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An Editorial Intern’s Summer at ASI

Filed under: Fun, General

Editorial Intern and guest blogger Alexandra Steel discusses her time at ASI

Alex and TimHere’s me, with ASI’s president/CEO, Tim Andrews!

After graduating in December, I went through the common thoughts that a recent college graduate has – the ones filled with utter confusion trying to figure out what to do next. I was sitting at my computer day in and day out applying to jobs I wanted (and even those I didn’t), as well as trying to network with as many people as I could. When I first heard about ASI, I immediately checked to see what openings they had and ended up applying for a temporary job. Thanks to a fellow Bloomsburg Husky, I was able to get my resume directly to HR. However, the positions were filled and I was back to square one. About a month later, I received the email from Michele Bell about ASI’s Editorial internship. I knew I couldn’t have found a better opportunity and was so thankful all those other jobs I had applied to didn’t work out.

When I was told I would be spending a week – prior to me starting at ASI — in New York being trained by the Dow Jones News Fund for business journalism, I was thrilled. I knew this would be an experience I’d never forget and take with me into my career. I stayed in the NYU dorms with about 15 other students from all over (as far as Hawaii), with a beautiful view looking over Manhattan. It was a non-stop week filled with various assignments, guest speakers and lectures, and tours to The New York Stock Exchange and The Metropolitan Museum of Art for an “Empty Met” tour, as well as numerous other experiences. I left with a much greater knowledge of business and what it takes to work in media.

On my first day at ASI, I was very nervous (naturally); I’d never been in a major work environment before and didn’t know much about the promotional product industry. However, I fell into place quickly, and after asking Sara Lavenduski – a former Editorial intern who’s now a full-time staffer — an infinite number of questions, got the hang of things. I was given many assignments during the tenure of my internship, such as trend articles, product descriptions, and even assisting with the big fashion photoshoot for Stitches and Wearables. Having a love for all things fashion and always dreaming of helping behind the scenes, the photoshoot was by far my favorite assignment. I was given a lot of responsibility to order clothes and accessories and keep everything organized. With all of our early preparation, the shoot went very smoothly producing amazing photos. (See a behind-the-scene video shoot here.)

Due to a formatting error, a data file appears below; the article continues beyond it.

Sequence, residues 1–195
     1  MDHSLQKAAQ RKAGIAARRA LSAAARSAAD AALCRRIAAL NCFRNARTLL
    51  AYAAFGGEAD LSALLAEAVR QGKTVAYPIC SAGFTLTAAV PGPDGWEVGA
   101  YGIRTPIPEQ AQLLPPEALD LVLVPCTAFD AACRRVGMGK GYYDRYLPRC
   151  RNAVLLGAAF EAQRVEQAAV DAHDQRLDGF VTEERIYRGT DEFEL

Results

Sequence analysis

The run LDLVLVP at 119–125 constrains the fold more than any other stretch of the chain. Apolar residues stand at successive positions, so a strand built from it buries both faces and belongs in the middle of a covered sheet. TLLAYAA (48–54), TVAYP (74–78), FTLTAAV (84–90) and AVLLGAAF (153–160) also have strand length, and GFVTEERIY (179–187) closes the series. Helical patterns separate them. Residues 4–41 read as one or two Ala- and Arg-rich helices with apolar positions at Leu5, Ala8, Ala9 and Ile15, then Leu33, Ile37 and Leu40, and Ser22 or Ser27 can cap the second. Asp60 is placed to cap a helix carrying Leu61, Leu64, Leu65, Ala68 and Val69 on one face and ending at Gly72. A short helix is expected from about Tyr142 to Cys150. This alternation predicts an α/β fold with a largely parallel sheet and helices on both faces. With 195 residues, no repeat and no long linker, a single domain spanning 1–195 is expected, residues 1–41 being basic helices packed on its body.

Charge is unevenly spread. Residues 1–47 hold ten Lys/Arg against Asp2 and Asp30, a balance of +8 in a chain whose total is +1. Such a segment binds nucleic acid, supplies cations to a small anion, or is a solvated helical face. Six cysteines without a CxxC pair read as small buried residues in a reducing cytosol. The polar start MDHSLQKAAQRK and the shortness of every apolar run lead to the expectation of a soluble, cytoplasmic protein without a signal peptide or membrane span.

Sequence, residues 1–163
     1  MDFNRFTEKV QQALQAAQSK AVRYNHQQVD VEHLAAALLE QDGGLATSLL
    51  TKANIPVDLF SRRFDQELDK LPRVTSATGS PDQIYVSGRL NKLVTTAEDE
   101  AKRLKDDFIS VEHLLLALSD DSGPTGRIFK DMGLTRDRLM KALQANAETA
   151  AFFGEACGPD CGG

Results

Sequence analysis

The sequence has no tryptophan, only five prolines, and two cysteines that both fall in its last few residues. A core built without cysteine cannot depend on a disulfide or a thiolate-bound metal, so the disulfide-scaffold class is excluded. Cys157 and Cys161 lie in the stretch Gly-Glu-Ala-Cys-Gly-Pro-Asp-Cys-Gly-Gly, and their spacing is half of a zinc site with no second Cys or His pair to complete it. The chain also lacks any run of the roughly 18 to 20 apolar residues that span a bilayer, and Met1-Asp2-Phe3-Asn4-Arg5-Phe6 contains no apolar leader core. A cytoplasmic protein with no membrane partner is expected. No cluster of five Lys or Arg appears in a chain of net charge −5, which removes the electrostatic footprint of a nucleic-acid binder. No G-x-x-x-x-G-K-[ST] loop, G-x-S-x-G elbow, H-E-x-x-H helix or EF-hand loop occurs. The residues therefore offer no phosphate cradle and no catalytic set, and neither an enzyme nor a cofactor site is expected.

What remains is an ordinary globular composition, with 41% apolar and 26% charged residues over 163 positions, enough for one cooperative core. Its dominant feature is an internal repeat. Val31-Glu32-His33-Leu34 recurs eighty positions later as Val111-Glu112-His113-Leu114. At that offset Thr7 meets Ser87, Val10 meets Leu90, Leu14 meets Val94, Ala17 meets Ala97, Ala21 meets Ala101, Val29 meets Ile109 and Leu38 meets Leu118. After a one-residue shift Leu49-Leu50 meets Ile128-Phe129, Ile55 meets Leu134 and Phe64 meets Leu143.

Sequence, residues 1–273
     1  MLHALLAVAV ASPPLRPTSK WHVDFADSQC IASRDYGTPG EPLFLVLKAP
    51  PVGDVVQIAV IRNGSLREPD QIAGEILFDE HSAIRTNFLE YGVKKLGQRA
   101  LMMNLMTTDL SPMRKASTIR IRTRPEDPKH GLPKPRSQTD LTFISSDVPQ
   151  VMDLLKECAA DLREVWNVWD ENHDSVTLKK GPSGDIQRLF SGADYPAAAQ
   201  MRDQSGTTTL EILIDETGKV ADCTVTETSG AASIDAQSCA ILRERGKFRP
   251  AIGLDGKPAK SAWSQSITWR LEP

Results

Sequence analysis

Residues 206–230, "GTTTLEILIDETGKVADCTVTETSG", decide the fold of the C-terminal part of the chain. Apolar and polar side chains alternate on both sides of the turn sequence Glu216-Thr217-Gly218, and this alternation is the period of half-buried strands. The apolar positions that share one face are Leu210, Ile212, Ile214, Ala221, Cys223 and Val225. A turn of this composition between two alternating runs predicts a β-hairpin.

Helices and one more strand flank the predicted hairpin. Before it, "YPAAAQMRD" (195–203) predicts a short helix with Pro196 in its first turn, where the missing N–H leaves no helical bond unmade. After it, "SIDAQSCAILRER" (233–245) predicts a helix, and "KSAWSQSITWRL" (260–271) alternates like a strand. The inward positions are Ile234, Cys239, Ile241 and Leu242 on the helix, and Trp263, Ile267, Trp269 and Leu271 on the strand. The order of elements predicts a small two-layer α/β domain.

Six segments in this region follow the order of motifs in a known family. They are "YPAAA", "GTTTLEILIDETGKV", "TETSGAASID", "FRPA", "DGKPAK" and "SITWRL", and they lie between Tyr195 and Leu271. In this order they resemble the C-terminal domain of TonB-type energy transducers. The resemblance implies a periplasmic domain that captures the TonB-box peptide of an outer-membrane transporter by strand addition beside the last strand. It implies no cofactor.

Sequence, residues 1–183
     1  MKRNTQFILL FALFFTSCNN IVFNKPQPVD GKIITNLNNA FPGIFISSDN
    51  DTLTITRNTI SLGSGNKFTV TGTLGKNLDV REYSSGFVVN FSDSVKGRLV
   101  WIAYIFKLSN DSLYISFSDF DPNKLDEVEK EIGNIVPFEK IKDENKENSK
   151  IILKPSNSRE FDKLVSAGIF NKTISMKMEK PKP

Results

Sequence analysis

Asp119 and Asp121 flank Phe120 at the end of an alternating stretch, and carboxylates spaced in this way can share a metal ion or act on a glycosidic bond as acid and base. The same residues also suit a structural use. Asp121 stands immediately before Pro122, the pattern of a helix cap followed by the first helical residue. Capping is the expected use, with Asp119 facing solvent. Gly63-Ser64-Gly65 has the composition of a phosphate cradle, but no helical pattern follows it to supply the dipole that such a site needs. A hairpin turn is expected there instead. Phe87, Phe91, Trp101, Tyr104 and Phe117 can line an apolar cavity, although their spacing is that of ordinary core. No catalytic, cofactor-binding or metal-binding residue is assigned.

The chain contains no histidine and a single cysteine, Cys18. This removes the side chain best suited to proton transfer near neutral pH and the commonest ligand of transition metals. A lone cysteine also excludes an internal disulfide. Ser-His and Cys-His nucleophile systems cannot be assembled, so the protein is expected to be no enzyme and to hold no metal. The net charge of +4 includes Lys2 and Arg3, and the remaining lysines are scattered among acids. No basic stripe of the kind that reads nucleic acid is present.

The entire Editorial department works incredibly hard and their work shows in the award-winning magazines … not to mention they have the most fun. Shout out to the designers who kept me laughing day in and day out back in our little art annex! I was also able to participate in Editorial’s summer outing, where we went to Parx Casino to watch live horse races. Not many people can say they got to call that a workday! ASI is truly one of the best places to work, hands down.

My time at ASI has left me with more experience than I could have imagined. I feel much more confident continuing on into my career with the knowledge I gained during my three months here. A huge thank you to Michele for giving me the chance to show everyone what I can do – this has been a terrific summer for me. If you’re lucky, you might even get a chance to be on the cover of one of the magazines, like I was!

Alex on Wearables Cover

ASI Promocar- Pennsylvania Welcomes You

Filed under: Fun, Uncategorized

Guest blogger Dawn Marie is ASI’s PR manager and creator and driver of the ASI Promocar, part of a year-long PR campaign to drive attention to the promo products industry.


The ASI Promocar finished its eight-day cross-country promotional tour this week, traveling a total of 3,144 miles across 13 states, with stops in eight cities and towns, featuring a countless number of personal encounters (extraterrestrial and otherwise).

Everywhere the #ASIpromocar stopped throughout ASI’s “Driving Serious Fun” PR campaign, people took photos of the promo-covered car and asked questions, leading to innumerable conversations about the high-impact value of promotional items and the $21.5 billion ad specialty industry.

And since everyone loves free stuff, we also gave away a trunkful of logoed giveaways, along with Promocar T-shirts, to remember us by.

The point of driving a moving billboard across America was simple: to motivate end-users to consider advertising with promo products the next time they need to get the word out. Throughout the trip, reactions were overwhelmingly positive.

The Promocar made people smile, laugh, wave and give a thumbs up, at truck stops, rest areas, restaurants, tourist attractions and especially along on the open road (by passengers, not drivers).

The Promocar also garnered its shared of press coverage, from a story in the Los Angeles Times (daily readership: 1.5 million) to a photo in Arkansas’ Press Argus-Courier (circ. 4,300).